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Stocking a pantry from scratch can be a daunting task. If you want to know how to stock a pantry on a tight budget and what should be in your pantry always, stick around. I am going to tell you exactly how to stock a pantry for the first time.
Whether you’re a newlywed just buying your first home or restocking your pantry from a recent move or new kitchen renovation, you know that stocking a pantry can be expensive.
Plus, you have to start with an empty space. And staring at all that empty space can be just plain scary.
There are spices, condiments, canned foods, pastas, and all the baking basics, like flour, cornmeal, and baking soda. But which ones are really necessary? Where do you start?
It’s easy to get overwhelmed just thinking about that long list of pantry essentials.
But, stocking your pantry for the first time must be done if you plan on cooking at home.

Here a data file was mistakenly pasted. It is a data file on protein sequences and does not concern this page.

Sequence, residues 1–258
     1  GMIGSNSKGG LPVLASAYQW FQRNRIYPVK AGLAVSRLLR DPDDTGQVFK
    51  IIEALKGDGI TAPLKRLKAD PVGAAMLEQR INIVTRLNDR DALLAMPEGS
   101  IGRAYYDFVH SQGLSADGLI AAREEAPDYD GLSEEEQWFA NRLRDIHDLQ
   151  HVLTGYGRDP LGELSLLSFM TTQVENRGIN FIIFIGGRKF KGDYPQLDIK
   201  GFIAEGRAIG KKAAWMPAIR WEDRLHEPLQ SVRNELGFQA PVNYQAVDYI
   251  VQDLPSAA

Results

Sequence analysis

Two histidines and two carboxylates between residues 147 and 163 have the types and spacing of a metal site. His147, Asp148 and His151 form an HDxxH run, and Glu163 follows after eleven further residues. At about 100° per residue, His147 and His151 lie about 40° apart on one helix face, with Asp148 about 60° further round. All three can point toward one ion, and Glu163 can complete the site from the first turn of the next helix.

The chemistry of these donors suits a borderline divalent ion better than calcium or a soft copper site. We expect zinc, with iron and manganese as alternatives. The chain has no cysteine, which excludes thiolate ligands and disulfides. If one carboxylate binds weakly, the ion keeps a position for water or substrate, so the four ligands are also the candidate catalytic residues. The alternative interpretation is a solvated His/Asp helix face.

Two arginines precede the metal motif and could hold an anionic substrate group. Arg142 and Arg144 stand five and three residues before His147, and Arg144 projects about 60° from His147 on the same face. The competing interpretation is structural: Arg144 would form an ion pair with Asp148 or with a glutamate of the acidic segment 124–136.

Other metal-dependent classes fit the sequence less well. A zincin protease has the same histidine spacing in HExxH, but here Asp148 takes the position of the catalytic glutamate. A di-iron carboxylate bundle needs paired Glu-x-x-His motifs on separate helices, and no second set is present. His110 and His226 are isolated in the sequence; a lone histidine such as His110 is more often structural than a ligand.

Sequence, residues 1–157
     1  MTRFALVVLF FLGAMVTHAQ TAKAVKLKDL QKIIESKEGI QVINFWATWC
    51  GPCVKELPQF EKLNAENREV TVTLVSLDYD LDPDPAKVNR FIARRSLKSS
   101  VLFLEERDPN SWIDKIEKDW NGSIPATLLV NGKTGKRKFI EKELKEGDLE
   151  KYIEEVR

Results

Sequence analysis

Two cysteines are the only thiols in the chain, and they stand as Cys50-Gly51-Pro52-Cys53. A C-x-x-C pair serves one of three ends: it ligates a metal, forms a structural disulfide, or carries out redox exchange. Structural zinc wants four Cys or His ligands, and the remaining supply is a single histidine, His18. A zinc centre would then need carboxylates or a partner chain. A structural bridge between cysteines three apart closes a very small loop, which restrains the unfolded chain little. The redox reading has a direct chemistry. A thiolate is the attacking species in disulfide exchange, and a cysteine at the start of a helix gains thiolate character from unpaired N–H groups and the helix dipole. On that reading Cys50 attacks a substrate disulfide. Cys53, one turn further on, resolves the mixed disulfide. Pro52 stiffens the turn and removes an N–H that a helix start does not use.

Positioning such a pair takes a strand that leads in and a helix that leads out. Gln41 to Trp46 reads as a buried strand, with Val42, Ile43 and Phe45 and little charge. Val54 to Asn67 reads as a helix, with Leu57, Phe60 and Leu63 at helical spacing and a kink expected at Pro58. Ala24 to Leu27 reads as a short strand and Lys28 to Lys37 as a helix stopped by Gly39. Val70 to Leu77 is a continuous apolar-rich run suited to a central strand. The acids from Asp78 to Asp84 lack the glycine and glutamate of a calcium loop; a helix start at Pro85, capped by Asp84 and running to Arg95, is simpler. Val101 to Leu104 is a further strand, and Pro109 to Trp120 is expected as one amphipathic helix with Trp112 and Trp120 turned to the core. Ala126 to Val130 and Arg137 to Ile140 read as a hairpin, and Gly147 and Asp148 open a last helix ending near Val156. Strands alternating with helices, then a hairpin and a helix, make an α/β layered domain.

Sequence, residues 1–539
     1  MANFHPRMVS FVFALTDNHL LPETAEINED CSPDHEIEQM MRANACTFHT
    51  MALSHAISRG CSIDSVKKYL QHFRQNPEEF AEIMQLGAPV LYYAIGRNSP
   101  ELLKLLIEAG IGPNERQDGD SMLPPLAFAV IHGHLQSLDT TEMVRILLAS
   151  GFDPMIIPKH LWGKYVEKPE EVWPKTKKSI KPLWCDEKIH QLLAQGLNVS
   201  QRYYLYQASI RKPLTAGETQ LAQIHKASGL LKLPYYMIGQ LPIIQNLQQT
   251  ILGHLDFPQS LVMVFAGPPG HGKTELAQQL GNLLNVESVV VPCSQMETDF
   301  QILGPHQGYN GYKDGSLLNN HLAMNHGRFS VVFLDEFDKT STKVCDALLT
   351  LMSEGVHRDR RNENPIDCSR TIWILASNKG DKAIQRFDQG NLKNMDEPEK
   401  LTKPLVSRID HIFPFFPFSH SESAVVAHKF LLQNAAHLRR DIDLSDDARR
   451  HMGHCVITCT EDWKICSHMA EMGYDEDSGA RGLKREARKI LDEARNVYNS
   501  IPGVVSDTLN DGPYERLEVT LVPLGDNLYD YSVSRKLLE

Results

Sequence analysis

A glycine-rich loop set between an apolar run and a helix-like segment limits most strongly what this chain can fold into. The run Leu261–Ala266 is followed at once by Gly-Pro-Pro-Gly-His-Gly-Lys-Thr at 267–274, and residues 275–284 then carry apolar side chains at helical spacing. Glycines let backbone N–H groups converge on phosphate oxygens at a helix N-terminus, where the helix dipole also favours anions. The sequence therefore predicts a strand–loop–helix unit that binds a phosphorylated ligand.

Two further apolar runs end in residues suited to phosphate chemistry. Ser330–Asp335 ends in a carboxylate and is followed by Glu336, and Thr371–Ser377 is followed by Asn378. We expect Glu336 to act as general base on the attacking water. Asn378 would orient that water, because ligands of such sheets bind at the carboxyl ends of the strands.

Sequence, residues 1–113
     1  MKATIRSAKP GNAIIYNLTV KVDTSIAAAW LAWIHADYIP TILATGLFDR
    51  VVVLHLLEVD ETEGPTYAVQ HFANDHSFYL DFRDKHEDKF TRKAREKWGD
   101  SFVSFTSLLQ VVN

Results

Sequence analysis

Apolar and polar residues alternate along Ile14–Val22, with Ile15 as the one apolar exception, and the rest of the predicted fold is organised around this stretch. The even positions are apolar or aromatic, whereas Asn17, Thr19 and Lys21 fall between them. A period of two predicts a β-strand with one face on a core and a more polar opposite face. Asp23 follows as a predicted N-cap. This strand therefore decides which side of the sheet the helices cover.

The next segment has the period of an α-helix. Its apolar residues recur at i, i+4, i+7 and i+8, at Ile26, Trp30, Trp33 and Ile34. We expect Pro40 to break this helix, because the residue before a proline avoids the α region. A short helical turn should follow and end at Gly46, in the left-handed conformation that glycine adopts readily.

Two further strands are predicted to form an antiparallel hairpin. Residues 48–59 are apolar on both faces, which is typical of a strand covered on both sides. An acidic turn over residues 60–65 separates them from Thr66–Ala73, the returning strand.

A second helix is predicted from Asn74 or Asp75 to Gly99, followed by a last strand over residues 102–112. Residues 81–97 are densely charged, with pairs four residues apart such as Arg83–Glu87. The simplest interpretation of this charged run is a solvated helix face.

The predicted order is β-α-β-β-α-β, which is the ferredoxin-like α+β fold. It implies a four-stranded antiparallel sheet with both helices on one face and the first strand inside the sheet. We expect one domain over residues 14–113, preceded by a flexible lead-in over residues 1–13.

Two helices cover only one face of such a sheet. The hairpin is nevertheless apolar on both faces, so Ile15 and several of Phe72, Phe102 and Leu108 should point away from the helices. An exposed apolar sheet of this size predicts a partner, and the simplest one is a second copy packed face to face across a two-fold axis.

Having a well-stocked pantry ensures you will be prepared to throw together a last-minute, family-friendly meal without having to make yet another trip to the grocery store.
I love being able to run into the grocery store and grab the meat for the main dish and fresh produce I need without having to actually shop for a full meal.
Having all the basic pantry staples is a great time and money saver.
After being married for over 13 years, and cooking for a man and three kids with big appetites, I know exactly what a well-stocked pantry looks like. (And I know how to get all those pantry staples on a budget.)
Are you ready to make that grocery shopping list? Get your pen and paper ready, ’cause we’re starting from scratch!
Stocking a Pantry from Scratch